What You Need
You can start an in-ground garden with very little equipment. All you need is a hand tiller to turn the soil, a trowel, and some seeds. If rainfall isn’t consistent in your area, add a watering can or garden hose to this list for watering your crops.
However, if your garden soil is less than ideal — and most soil is — you also need to amend it with compost every year. If you want to grow vining plants, such as squash or tomatoes, you must provide some sort of support for them, which could be a trellis, stakes and twine, or cages. Finally, a small fence of stones, bricks, or wood can be useful for holding water in the garden area, especially after heavy rainfall.
What It Costs
The cost of starting your first in-ground garden depends on its size and the quality of your soil. Suppose you’re planting an 800-square-foot garden like the one Julia Clem recommends in Best Pick Reports. It includes 15 crops:
- 20 to 30 feet of beets (planted in a row)
- 10 to 15 bell pepper plants
- 12 to 15 broccoli plants
- 12 to 16 feet of carrots
- 40 to 50 cornstalks
- 4 to 6 cucumber plants, or 2 to 4 vines
- 6 to 8 eggplants
- 15 to 20 feet of kale
- 20 to 30 feet of lettuce
- 4 to 6 melon vines
- 40 to 50 potato plants
- 30 to 40 feet of spinach
- 4 to 6 squash plants
- 5 to 8 tomato plants
- 4 to 8 zucchini plants
Based on the calculators provided by McGill Compost and Green Mountain Compost, a garden this size needs 2.5 cubic yards of compost to cover it to a depth of 1 inch. That means about 67 (1-cubic-foot) bags of compost unless you choose to make your own compost. It also requires 13 to 26 wire cages for the tomato plants, squash, melons, and possibly cucumbers. The cheapest way to acquire them is to build your own plant cages from wire stakes and fencing.
Prices for these items can vary based on what region of the country you live in, where you shop, and current market values. Based on prices listed at Home Depot in the Northeast in the first quarter of 2021, your first-year costs for this garden would be approximately:
- 67 bags of compost: $360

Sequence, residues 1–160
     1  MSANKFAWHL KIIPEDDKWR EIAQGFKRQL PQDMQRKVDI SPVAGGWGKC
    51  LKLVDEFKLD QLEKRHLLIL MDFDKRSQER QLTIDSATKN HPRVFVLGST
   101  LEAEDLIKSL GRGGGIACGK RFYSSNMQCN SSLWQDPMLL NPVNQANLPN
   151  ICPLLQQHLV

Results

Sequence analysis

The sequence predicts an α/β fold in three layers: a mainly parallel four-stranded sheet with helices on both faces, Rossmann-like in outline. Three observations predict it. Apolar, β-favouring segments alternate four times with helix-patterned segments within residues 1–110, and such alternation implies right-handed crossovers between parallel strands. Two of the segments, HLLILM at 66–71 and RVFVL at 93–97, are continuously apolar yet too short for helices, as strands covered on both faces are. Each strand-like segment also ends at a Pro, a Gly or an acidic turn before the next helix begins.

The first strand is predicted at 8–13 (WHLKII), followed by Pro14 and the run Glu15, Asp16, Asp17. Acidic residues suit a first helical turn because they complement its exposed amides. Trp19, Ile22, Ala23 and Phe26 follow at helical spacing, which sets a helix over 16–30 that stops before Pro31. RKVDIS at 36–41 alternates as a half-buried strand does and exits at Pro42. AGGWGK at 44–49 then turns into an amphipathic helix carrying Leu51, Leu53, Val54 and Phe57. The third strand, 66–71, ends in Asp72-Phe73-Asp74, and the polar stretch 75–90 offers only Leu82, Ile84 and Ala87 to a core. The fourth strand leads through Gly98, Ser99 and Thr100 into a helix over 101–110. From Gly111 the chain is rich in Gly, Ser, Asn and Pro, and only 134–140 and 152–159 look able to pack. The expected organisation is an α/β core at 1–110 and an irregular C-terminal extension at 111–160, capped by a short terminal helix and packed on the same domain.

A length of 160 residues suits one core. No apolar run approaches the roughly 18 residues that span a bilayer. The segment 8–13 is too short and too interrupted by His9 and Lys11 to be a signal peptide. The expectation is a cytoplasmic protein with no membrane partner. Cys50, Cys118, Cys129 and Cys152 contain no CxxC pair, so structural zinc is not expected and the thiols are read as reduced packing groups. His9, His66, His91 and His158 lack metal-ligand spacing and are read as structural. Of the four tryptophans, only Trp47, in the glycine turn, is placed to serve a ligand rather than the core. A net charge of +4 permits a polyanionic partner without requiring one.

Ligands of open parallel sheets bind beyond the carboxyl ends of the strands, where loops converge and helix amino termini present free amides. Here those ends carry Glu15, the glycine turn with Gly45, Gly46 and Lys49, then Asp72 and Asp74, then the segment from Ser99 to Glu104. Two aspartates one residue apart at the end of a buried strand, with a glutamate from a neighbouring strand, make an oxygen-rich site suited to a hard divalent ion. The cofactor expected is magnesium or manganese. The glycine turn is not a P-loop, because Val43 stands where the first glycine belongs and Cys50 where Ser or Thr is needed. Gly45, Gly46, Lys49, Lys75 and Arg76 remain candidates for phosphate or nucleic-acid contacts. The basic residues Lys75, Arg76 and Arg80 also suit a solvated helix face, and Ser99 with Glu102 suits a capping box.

- Seeds for 15 different crops: $30
- Tools (which you can then use year after year): $40
- Wire fencing and stakes for cages (also reusable): $90
- Total: $520
It’s a significant investment, but it pays off in fresh produce. According to a 2009 set of calculations from the National Gardening Association, a well-maintained vegetable garden can produce about 0.58 pounds of veggies per square foot, or 467 pounds for an 800-square-foot garden. This amount of produce would have been worth around $843 in 2009, or $1,028 in 2021. Based solely on your financial costs, that’s a potential profit of over $500 in your first year.
However, calculating the value of your time as an expense is much harder. The amount of time you spend in the garden can vary widely. For instance, rainfall in your area affects how much time you spend watering, and weeds and pests are also tougher to deal with in some areas than in others.
However, you can get a rough idea of the time commitment from the Fresh Legacy blog. Blogger Kyrstie says she maintains a garden roughly 430 square feet in size and spends about 85 hours per year maintaining it. If you assume an 800-square-foot garden would take about twice as much work, that’s 170 hours.
If these figures are correct, your hourly wage for maintaining a large garden would come to only around $2.34 — significantly lower than minimum wage. However, if you enjoy gardening as a hobby, the small amount of money you save is just an added perk.
2. Raised Beds
If you don’t have very good soil in your yard, you can save yourself the work of tilling and improving it by building boxed raised beds and filling them with purchased soil. Raising your beds off the ground helps them drain better and warm up faster in spring, lengthening your growing season. Also, because your beds are clearly defined and you don’t have to step inside them to work, you avoid compacting the soil, which keeps your plants healthier.
A typical raised bed measures 6 to 8 feet long, 3 to 6 feet wide, and 6 to 8 inches high. However, your raised beds can be any size you want. You can easily tuck a small one into your front yard, at the end of your driveway, or anywhere else you have a bit of space.
There are also several ways to customize your raised beds. For example, you can add legs or build a base from bricks or cinder blocks to raise your beds as high as waist height, allowing older adults and people with disabilities to garden without stooping. You can also add fixed trellises to your beds to support vining crops. Trellises can nearly double the usable space in each bed by allowing your plants to grow up rather than out.